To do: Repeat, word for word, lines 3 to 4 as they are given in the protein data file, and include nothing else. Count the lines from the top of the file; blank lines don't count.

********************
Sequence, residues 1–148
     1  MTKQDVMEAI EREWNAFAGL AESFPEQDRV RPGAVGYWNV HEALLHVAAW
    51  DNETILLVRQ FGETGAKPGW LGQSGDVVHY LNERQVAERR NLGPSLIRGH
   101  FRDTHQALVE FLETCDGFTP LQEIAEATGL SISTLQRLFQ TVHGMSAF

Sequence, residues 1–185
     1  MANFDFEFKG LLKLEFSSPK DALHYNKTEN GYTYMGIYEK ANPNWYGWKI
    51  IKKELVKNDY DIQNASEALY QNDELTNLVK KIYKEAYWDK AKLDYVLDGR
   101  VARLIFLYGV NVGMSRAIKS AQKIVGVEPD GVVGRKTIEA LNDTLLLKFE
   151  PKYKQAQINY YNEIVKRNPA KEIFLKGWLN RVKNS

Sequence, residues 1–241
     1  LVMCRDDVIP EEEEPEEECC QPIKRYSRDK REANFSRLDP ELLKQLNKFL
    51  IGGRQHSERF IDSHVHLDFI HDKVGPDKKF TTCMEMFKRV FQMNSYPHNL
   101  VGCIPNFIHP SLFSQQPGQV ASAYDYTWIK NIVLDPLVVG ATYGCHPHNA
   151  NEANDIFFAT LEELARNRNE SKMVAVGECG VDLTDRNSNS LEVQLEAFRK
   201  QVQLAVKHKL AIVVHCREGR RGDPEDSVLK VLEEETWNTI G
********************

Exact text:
    51  DNETILLVRQ FGETGAKPGW LGQSGDVVHY LNERQVAERR NLGPSLIRGH
   101  FRDTHQALVE FLETCDGFTP LQEIAEATGL SISTLQRLFQ TVHGMSAF